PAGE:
Weekly Thoughts 4-21-15
Good Morning Leaders!
Trivia (answers at the end of the Smore)
- What was Magic Johnson's given first name at birth (spelled correctly)?
- Does cow's milk have a higher or lower pH level than pure water?
- How old was Elvis Presley when he died in 1977?
- In which book is Gilbert Blythe a character?
As I stated earlier, EdPlus will no longer let us just attend the 2 day Cooperative Learning training. Sad but true. Troy, however, is hosting Day 1-3 and would let us attend Day 1 and 2. The dates would be July 13th and 14th and the location would be the Woods Fort Golf Club on the north side of town.
I know that is a busy week for Common Assessments. Can we make it work?
Who would we need to attend? Do any of these new hires already have the training?
- Teah Kelly (Vicki...I defer to you if we want any or all of the SPED to attend)
- Jade Crotty (sped)
- Dawn Hickman (Shawn B...can you check to see if she has had the training?)
- Jeff Sargent (sped)
- Lyndsey Ferrell (she went to Day 1 last year and sat in on Ned this year...do we want to send her?)
- David Evans (I'm thinking no for AR/AD...Shawn B?)
- Brent Kobernus (MS Math)
- David Jennings (sped)
- Paige Steinhoff (HS SS)
- Brandee Brooks (HS Spanish)
Plus other new hires.
First off, the MS Principal and the Superintendent positions will be announced within the next 24 hours.
Here is what I have as still open:
- MS Assistant Principal
- MS Math
- MS Science
We have one resignation tonight, for MS Computers.
What I have pending tonight's meeting:
- Spanish - Brandee Brooks
- AR/AD - David Evans
- HS SS - Paige Steinhoff
- MS Math - Brett Kobernus
Does this look accurate?
Thank you for entering items into the Title budgets. If we could wrap that up sometime soon, that would be helpful.
As far as the July 20-23rd Reading Workshop Training, it appears that our open spots will fill very shortly. What we will do with those funds is put them into a soda account and pay the trainers fees from a combination of soda account and Title I.A. We would like to avoid depositing money into a federal account that was not federal money. As we have an amount after all spots are filled, I will lower the Title I.A by the amount we should receive from outside participants.
Friday at 10:30 a.m.
MS is going well overall. Yesterday, they had only 3 outstanding make ups. Not bad. On Friday, we are scheduled to move Chrome Carts back to West Elementary. The weather looks iffy. We may need some help moving them late Thursday (when there is no chance of rain). If you are interested in helping at 2:30 p.m. on Thursday, please let us know.
MS will still have their lab for Friday makeups.
Our enrollment forms have slowed a bit. We are at 425 kids as of today. No Aventa kids have been entered as of yet. We hope to make hires at the end of next week, so please encourage kids to enroll so we can be as accurate as possible before hand.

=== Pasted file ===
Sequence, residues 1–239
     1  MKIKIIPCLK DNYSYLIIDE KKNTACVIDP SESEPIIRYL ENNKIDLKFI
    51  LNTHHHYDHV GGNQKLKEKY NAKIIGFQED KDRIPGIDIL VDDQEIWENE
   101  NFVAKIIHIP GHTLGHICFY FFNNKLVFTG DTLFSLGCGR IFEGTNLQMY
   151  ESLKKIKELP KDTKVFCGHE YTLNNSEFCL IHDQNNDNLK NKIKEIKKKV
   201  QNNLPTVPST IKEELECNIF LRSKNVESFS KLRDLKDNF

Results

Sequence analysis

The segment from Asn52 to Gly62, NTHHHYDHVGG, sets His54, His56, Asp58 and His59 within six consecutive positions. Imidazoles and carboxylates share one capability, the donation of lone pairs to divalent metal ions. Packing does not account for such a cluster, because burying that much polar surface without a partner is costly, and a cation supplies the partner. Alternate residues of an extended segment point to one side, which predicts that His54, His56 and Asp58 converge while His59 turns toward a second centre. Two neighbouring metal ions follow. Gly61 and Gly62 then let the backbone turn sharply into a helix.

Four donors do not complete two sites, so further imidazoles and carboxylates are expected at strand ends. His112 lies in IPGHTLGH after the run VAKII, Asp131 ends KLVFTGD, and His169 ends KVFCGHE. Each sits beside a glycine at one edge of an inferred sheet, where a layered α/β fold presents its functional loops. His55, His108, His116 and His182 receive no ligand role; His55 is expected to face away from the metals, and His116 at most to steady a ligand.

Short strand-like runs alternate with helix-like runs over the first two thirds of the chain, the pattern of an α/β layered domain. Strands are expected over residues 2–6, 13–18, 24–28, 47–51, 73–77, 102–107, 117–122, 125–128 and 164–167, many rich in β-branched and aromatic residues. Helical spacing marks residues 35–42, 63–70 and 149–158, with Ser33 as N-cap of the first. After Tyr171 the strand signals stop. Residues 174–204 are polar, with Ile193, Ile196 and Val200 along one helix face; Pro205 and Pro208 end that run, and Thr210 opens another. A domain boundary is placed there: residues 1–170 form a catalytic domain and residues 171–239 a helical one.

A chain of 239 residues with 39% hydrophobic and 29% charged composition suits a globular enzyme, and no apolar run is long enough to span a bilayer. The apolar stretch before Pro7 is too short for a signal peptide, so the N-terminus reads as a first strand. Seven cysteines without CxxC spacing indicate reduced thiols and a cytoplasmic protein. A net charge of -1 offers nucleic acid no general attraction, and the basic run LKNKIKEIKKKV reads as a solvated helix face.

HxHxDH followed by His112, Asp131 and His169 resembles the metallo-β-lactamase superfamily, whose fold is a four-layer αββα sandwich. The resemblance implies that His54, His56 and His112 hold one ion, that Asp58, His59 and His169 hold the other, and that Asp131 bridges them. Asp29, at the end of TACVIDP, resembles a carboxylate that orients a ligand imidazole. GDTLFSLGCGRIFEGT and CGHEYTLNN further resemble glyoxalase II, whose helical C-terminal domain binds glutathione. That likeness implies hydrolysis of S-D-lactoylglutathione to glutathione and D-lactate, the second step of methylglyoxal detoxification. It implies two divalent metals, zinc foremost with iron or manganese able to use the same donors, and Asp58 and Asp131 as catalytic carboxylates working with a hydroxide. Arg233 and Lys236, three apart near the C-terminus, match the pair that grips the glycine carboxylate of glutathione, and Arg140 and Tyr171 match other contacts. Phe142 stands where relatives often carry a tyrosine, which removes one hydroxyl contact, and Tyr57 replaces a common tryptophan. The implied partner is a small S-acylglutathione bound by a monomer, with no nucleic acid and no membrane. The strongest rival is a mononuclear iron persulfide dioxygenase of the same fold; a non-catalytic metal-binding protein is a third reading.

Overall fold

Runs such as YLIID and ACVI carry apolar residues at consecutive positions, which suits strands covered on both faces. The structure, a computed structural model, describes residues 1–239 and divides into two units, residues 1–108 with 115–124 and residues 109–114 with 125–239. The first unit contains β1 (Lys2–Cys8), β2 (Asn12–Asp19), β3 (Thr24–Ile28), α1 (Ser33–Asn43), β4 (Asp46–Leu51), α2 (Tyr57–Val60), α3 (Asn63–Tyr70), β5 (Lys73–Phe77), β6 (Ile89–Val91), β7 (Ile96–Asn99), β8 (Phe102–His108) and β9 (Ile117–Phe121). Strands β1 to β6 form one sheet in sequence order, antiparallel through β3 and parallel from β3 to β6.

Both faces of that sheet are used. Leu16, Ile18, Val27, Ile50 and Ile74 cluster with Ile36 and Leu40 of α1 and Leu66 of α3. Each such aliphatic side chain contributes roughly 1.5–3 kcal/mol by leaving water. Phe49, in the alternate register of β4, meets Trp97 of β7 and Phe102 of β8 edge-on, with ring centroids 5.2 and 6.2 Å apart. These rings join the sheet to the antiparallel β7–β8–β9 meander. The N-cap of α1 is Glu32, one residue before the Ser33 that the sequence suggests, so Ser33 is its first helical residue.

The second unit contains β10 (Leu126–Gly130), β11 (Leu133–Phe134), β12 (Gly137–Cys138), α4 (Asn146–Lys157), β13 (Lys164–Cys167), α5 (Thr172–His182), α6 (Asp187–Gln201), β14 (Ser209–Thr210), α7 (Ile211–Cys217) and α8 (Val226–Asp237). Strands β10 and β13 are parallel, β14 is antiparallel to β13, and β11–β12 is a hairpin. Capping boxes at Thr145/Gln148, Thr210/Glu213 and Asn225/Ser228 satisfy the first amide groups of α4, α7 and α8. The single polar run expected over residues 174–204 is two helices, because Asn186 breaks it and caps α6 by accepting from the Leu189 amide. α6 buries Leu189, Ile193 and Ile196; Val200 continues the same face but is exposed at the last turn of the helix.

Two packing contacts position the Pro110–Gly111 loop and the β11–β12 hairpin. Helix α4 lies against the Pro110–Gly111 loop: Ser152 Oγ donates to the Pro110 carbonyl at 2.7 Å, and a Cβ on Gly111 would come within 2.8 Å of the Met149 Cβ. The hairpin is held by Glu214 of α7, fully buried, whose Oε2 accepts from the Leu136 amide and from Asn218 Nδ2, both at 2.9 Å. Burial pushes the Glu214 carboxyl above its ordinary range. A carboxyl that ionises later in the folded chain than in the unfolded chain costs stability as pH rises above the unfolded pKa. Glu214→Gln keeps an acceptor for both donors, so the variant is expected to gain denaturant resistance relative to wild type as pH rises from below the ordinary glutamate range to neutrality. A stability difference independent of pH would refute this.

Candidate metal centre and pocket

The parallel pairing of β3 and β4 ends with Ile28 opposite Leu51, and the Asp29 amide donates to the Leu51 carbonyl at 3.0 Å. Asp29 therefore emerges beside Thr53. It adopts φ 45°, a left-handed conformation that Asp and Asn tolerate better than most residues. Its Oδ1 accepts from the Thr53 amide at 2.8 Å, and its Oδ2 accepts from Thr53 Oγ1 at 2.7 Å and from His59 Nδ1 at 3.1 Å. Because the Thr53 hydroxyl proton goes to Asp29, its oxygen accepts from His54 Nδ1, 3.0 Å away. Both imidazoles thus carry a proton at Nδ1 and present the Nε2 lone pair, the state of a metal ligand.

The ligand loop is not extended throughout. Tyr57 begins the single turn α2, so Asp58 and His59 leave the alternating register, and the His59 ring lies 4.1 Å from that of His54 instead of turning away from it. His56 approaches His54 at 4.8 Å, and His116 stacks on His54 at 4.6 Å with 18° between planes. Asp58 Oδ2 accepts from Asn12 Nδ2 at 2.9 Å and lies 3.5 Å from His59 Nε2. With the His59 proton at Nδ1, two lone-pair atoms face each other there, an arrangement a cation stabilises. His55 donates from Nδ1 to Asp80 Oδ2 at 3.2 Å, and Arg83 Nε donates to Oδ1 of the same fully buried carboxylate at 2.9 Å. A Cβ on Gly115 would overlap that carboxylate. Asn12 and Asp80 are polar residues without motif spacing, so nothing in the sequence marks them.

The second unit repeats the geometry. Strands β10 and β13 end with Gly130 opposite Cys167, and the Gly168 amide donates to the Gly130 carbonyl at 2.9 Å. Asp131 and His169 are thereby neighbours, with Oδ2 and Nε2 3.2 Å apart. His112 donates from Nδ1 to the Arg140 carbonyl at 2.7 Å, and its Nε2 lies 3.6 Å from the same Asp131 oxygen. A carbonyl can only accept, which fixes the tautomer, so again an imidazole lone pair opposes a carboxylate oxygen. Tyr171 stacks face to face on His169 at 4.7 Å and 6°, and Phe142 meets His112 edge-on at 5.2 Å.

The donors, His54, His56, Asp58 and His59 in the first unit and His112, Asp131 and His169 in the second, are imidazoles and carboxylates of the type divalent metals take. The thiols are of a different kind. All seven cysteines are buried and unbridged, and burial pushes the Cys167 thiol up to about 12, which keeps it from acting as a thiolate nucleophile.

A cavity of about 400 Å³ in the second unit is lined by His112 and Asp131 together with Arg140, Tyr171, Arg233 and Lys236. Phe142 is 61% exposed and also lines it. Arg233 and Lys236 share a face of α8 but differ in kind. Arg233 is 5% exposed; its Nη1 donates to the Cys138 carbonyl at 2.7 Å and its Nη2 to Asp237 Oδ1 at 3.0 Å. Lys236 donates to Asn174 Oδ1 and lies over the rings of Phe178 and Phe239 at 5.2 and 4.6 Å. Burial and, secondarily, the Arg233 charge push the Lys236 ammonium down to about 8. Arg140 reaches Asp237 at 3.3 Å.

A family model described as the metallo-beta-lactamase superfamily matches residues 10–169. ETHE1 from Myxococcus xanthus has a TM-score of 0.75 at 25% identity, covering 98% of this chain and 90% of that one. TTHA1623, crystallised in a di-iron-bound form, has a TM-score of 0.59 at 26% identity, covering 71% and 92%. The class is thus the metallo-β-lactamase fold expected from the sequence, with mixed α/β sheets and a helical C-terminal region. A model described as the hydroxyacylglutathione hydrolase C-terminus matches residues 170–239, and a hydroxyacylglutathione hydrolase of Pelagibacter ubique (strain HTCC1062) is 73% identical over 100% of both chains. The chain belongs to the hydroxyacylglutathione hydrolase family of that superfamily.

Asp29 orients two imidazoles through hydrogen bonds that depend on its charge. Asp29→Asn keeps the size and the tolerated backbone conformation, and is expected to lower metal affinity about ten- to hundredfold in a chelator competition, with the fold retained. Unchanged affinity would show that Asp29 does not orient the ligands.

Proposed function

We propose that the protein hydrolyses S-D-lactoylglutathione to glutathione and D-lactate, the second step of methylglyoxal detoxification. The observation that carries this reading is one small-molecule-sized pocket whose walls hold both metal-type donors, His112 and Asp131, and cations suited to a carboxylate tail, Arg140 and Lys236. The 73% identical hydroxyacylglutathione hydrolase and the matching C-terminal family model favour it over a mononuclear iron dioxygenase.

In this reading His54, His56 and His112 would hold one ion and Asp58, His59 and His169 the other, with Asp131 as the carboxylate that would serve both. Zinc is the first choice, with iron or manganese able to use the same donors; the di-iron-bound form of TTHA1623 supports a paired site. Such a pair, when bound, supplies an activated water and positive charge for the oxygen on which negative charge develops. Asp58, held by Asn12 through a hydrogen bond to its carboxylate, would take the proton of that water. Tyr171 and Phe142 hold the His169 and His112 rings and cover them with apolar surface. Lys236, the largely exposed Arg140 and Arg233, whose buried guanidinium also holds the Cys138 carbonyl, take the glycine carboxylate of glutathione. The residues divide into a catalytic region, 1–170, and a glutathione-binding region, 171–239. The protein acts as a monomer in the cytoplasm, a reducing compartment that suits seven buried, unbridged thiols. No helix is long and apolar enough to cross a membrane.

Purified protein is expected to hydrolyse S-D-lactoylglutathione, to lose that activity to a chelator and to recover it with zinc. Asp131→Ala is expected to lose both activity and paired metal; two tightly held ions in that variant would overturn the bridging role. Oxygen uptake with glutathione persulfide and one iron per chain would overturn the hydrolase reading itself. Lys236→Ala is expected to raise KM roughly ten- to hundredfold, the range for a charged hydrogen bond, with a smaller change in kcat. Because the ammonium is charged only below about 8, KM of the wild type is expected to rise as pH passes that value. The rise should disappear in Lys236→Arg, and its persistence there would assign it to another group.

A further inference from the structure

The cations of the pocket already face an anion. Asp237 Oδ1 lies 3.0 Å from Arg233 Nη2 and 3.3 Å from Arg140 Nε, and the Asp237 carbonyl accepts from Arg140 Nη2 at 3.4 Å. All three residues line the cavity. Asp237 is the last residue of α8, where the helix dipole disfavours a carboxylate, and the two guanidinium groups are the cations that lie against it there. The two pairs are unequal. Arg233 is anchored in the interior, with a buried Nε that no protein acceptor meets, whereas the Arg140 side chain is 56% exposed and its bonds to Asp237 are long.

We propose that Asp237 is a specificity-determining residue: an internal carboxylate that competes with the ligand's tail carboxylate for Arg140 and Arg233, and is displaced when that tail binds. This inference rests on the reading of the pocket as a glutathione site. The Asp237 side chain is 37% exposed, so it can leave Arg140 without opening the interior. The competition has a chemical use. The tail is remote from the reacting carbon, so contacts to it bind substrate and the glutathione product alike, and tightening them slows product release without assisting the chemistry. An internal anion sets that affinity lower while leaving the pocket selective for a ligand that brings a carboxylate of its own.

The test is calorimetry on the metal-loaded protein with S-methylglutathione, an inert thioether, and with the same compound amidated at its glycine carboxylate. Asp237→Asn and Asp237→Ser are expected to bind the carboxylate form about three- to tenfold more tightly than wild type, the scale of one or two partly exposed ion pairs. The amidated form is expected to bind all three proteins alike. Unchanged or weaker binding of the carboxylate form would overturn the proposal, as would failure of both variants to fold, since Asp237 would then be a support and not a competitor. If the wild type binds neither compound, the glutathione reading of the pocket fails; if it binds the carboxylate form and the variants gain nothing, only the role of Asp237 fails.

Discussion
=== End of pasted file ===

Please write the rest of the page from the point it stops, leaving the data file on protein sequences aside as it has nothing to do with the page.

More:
Here are the numbers as of right now:
K - 48
1 - 55
2 - 44
3 - 63
4 - 61
5 - 53
6 - 45
7 - 28
8 - 14
9 - 14
Remember, those are the grades the kids will be in next year, not their current grade.
Thank you to Tina and Rod for doing such a great job up to this point. Preparation is a large part of the success of our summer school program.
Common Core Workgroups
Public Hearing #2 was held yesterday. Sounds like they are having a hard time getting folks to attend the meetings: http://www.stltoday.com/news/local/education/common-core-workgroups-report-low-attendance/article_b4475c71-ff67-5a4d-a4a8-340e13fcf6c0.html
Myra Collins is quoted in the article. East did quite a bit of work with Myra the previous year.
I'm down to 4 books on my desk. I hope to tackle those sometime soon!
But for now, here are the articles of the week via K. Marshall.
“Making Team Differences Work” by Beth Strathman in Educational Leadership, April 2015 (Vol. 72, #7, p. 60-64).
“The Art of Dialogue” by Oscar Graybill and Lois Brown Easton in Educational Leadership, April 2015 (Vol. 72, #7, online only), http://bit.ly/1yLMzZp
“10 Tips for Tackling Tough Conversations” by Brett Novick in Educational Leadership, April 2015 (Vol. 72, #7, p. 80-81)
1. How Teams Can Overcome Some Common Group-Process Problems
(Originally titled “Making Team Differences Work”)
“To be high functioning, teams must embrace disagreement and encourage individuals to voice their perspectives while acknowledging others’ viewpoints,” says executive coach Beth Strathman in this article in Educational Leadership. “Doing so encourages active participation, which brings forth thoughtful, relevant, and forthright contributions from group members.” Strathman identifies four common pitfalls that prevent honest, productive discussions:
• Problem #1: The group meanders and gets nowhere. Solution: Communicate the essential information up front, including:
The reason the group has convened;
The expected outcome of the meeting;
The skills, knowledge, and abilities each member adds;
The timeline for the work;
Any standards the group must adhere to;
The group’s role – to provide input, make a recommendation, or make a final decision.
With this kind of prologue, a group is much more likely to be focused, assign tasks, set timelines, and produce results.